5) Wear running shoes (sport specific shoes) and change them frequently

Don’t run in tennis or cross trainer shoes. Some people like to alternate pairs of shoes to retain their shock absorbing capabilities. But whatever you do, make certain to replace your running shoes every 350 – 450 miles of running. If you run over 30 miles per week, and perhaps even less, make sure you use your shoes exclusively for running, so that you do not waste them with walking miles. The walking is admittedly easier on the shoe than running, but still creates wear and tear.

6) Eat healthy: Not too much, not too little, and a bit less junk

Don’t forget to eat enough healthy foods. Make certain to have adequate calcium and healthy fats (such as the omega fats found in certain fish and fish oil capsules). Don’t forget vegetables and protein sources. Check the origin of your food, particularly check farmed fish which may come from countries which have significant issues of safety with their food supply. (In actuality there are some problems, although different problems with farmed fish from all countries and certain safety issues with fish at sea.) Make sure you don’t cut your caloric level too drastically while dieting. You need fuel to exercise.

7) Strength train two to three days per week.

Musculoskeletal fitness is one of the pillars of fitness. Strength training can be helpful for a variety of reasons. Core strengthening helps many people. And improving lean body weight by increasing muscle helps dieting indirectly and is good for your overall health. If you are a serious, competitive, long distance runner be extremely careful with lower extremity weights, and make sure to stop several weeks before a race. Carefully observe how your training sessions go, and make sure they are not slowing you down, or that fatigue from your strength training sessions are not limiting your long runs. It is probably best to do them before a rest day or an easy day. On days where you may be doing both running and strength training, run first, if you are primarily a runner.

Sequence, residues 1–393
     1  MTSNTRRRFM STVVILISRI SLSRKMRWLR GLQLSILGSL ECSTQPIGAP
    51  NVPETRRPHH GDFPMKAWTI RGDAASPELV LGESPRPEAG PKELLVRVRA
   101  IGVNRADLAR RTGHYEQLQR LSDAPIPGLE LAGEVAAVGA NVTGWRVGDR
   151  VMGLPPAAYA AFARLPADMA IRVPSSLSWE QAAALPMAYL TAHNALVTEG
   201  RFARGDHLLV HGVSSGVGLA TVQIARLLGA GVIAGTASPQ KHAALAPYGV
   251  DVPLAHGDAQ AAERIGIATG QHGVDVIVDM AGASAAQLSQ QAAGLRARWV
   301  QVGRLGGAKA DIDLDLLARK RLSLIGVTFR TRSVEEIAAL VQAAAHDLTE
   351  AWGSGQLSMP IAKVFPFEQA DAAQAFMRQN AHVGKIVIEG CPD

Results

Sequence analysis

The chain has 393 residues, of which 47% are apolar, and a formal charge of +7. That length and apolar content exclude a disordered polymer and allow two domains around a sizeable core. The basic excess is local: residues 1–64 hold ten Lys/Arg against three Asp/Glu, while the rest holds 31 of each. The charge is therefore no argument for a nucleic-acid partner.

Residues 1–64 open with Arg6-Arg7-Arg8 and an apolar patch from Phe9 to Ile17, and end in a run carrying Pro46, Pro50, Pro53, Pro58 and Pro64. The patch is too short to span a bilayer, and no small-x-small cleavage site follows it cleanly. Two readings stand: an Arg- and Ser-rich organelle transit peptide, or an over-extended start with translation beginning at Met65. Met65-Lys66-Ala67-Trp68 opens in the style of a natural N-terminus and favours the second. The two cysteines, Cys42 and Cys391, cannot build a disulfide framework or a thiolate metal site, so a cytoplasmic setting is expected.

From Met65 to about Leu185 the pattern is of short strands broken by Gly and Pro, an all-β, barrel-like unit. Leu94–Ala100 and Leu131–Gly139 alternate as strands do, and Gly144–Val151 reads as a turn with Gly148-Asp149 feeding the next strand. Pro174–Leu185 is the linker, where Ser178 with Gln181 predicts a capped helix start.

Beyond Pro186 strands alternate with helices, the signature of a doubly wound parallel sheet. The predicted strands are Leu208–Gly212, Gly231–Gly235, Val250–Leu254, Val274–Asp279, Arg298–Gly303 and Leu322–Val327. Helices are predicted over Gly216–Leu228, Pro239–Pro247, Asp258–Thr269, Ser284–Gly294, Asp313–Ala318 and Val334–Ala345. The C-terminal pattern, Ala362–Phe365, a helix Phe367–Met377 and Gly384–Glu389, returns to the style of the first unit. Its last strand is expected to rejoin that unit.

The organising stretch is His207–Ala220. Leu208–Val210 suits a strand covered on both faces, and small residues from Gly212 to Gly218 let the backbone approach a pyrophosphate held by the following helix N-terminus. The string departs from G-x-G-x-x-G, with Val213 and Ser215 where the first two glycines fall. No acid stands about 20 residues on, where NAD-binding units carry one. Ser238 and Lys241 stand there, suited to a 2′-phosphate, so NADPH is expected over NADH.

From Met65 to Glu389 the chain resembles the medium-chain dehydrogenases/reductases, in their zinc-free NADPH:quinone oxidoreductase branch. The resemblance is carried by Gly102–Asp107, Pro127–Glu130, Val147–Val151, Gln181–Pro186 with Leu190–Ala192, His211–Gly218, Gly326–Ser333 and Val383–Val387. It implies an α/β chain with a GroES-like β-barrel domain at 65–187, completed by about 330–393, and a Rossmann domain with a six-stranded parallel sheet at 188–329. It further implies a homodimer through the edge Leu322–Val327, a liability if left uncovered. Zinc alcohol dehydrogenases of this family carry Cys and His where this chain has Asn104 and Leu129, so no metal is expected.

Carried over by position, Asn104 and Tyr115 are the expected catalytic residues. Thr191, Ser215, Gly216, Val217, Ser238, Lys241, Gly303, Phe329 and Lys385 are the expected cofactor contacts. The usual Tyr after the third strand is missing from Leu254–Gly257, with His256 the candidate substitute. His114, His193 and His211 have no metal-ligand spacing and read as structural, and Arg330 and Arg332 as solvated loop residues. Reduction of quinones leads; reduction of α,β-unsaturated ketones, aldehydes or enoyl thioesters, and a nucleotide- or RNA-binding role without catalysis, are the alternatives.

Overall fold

8) Warm up gently before running, Stretch gently when finished

Stretching is not a warm up. It is a flexibility exercise. Evidence is mixed on whether it helps avoid injury, but studies of stretching before running do not show any benefit. Stretching works better after you are warmed up. Run easy for your first 10 minutes of running. Take short steps, move slowly, let your body gradually warm up and adapt to the stresses you are about to place on it. There are many changes that your body will be making to make your running go smoothly, efficiently and easily. Give it a chance to get prepared. If you are doing speed work, this 10 minutes will not be enough. You’ll need a longer and more complex warm up.

9) Use a Carb/Protein mix after long runs and after hard runs or workouts.

This can be a chocolate milk shake or a protein powder mix.

10) Enjoy your runs and workouts.

This should ultimately be fun time, and something you look forward to. Find new paths if you need them, use old favorites if you prefer. Find something to enjoy on each run. Even the accomplishment of getting through a run on an extreme weather day (cold, rainy, not a code orange day) can feel great.